As we mentioned briefly last June, major changes have come to the United States patent system in the form of the America Invents Act (AIA), which may significantly alter the manner in which researchers seek protection for their technologies.
Outside of the U.S., priority is usually given to the party that is the first to file the patent application for a given invention, even if they were not the first ones to actually create it. Until recently, in the U.S., rights were generally afforded to the first to invent a particular technology, regardless of when any related patent application was filed.
Naturally, many saw the U.S. system as being more favorable to smaller entities and non-commercial institutions. Given that filing and prosecuting a patent application can be incredibly expensive, having rights vested in those who were first to invent afforded those parties more time to develop their creations before availing the patent process, which would thus maximize their investment before the United States Patent and Trademark Office (USPTO).
Under the AIA, the U.S. will now fall in line with the rest of the world, with priority predominantly given to those persons who were first to file a patent application on the technology at issue. The natural byproduct of the change has been the presumption that inventors (and, more specifically and perhaps derisively, their attorneys) will file patent applications with greater frequency and in greater numbers to ensure that rights are being protected. Since, as mentioned earlier, the application process is costly, many feel that the AIA will favor deep-pocketed entities who can afford to effectuate filings at the drop of a hat.
That being said, one of the ‘exceptions’ to the new first to file regulations concerns public disclosures of novel technologies:
Let’s say that Dr. Crosby discovers a novel method of scanning the brain for abnormal activity in May 2013, and files a related application in October 2013. Without knowing of the work of Dr. Crosby, Dr. Ovechkin develops a similar method of brain scanning in June 2013, publishes his findings in August 2013 and finally files his patent application in December 2013.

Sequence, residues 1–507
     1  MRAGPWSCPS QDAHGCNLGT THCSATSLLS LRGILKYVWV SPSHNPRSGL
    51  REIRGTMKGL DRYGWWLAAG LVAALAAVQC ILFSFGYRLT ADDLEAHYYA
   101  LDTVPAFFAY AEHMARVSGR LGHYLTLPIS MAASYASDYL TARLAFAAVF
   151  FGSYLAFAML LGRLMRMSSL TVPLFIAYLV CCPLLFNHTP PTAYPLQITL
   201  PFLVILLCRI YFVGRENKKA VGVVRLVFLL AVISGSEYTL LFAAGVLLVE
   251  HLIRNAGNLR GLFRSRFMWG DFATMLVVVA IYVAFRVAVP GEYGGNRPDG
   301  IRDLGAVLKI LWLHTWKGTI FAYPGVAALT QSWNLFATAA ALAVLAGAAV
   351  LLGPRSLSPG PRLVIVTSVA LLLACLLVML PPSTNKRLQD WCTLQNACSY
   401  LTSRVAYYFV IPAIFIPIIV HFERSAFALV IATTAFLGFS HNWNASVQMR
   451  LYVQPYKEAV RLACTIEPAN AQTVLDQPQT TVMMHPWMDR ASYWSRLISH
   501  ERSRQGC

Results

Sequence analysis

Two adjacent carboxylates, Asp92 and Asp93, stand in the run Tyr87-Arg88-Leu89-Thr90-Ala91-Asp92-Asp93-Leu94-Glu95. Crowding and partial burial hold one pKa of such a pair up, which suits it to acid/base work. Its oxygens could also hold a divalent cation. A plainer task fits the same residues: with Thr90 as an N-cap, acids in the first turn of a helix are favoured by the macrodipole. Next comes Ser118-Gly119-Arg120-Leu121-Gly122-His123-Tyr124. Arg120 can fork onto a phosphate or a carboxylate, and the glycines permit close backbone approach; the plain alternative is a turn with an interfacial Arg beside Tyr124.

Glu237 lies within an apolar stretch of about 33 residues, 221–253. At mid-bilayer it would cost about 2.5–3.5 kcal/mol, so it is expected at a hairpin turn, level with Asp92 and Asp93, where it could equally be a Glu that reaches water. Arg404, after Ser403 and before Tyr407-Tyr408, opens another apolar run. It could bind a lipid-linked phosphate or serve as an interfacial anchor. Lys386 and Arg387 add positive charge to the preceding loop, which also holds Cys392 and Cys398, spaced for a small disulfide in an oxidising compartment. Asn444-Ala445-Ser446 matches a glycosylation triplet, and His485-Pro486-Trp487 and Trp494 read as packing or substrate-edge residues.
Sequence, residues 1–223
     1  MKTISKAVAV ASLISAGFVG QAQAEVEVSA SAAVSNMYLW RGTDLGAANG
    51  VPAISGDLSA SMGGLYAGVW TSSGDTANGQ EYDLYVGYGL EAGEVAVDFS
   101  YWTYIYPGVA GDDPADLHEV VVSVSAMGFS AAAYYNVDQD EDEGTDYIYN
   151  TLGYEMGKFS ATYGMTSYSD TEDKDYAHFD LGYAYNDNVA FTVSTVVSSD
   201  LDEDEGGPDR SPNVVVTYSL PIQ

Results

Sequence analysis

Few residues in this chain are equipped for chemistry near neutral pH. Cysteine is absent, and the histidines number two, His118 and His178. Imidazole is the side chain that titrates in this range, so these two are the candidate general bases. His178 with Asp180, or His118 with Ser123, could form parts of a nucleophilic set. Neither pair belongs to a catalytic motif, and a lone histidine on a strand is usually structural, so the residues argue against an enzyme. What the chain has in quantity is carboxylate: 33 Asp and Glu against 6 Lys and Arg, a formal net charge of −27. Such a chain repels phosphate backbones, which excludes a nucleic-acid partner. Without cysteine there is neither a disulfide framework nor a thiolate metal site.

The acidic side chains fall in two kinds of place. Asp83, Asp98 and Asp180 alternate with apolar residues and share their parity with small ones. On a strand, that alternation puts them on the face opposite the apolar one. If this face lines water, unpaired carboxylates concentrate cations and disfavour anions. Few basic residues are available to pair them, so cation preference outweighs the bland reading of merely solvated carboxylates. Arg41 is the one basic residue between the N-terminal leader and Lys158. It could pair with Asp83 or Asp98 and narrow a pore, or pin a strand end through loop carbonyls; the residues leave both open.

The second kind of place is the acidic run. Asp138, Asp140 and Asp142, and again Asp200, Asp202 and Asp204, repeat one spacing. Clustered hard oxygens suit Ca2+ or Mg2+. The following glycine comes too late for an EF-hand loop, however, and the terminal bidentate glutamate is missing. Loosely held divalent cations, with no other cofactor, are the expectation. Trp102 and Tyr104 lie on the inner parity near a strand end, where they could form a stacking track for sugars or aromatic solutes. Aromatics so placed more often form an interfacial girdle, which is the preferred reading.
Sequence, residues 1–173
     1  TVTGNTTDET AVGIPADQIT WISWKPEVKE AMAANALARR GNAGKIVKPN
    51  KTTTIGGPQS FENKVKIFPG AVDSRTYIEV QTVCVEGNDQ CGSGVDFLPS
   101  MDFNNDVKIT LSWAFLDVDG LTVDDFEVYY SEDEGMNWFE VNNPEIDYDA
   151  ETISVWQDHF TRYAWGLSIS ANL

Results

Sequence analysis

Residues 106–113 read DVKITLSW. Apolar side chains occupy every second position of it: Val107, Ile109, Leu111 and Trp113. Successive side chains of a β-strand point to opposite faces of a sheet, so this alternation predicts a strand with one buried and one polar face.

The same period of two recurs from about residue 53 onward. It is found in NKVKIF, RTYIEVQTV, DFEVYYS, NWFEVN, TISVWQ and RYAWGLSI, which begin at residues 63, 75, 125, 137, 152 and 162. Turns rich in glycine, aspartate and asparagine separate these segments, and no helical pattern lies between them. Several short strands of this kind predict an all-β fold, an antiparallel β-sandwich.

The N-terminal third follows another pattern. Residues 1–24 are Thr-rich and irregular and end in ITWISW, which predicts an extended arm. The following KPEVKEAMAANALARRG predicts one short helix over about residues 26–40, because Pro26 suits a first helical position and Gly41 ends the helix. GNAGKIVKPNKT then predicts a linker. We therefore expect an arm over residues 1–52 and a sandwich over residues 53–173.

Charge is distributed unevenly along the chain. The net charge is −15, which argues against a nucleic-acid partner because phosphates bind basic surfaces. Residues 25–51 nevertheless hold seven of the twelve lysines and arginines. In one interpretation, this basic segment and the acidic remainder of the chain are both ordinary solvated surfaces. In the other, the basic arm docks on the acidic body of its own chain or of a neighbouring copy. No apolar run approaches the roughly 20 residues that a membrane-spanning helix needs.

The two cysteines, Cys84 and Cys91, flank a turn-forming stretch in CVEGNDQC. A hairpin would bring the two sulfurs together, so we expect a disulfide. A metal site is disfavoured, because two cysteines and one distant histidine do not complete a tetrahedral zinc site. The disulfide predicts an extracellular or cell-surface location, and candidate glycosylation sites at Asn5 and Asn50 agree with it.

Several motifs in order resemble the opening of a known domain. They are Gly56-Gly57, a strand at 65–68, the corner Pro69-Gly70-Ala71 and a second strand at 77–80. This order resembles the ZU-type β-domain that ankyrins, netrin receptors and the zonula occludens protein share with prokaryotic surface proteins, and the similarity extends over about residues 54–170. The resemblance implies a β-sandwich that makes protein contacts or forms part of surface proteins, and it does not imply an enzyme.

Under the old U.S. law, Dr. Crosby would, all things equal, have priority rights to the technology since he was the first to invent. Under the new system, even though Dr. Crosby was also the first to file, Dr. Ovechkin would actually be entitled to priority since he independently published his novel concept prior to Dr. Crosby’s patent application. As such, the August publication could then be used as prior art (i.e. ‘It’s already been done!’) to disallow Dr. Crosby’s application. Had Dr. Ovechkin published his findings after October 2013, or hadn’t done so at all, Dr. Crosby would have rights to the invention.
Consequently, two of the biggest takeaways from the new laws appear to be that (1) entities will likely file applications more often, or at least earlier in the research process; and (2) researchers will likely also seek to publish their findings earlier in the research process so as to avail the exception noted above.
However, these pose a dilemma for institutions like JHSPH and our brethren. As our motto states, our goal is to continue “Protecting Health, Saving Lives – Millions at a Time.” Our PIs expend time and energy primarily to better the public good, not to generate products that will be commercially viable (though we do acknowledge the existence and vital role of our Tech Transfer office).
By definition, patent applications avail applicants the opportunity to exclude others from using or copying their invention. In attempting to get feet in the door by filing applications as quickly as possible, universities will be forced to walk a fine line between protecting their assets and proactively inhibiting the activities of their colleagues, the latter of which is a mindset more suited for large commercial corporations.
Additionally, with an increased premium placed on publication, PIs and their Tech Transfer offices will have to communicate even more regarding any proprietary information that may be disclosed. As a consequence, an article could be submitted much earlier than might be advisable, and might not necessarily reflect the most complete assessment of the work performed. Once again, the ‘altruistic’ nature of funded research will butt heads with the increased commercial considerations of any such activities.
In the end, as the new regulations continue to be phased in, universities and similar non-commercial research organizations will have to determine the best way to safeguard their rights, while also allowing their scientists and other personnel to perform their research free of any undue encumbrances.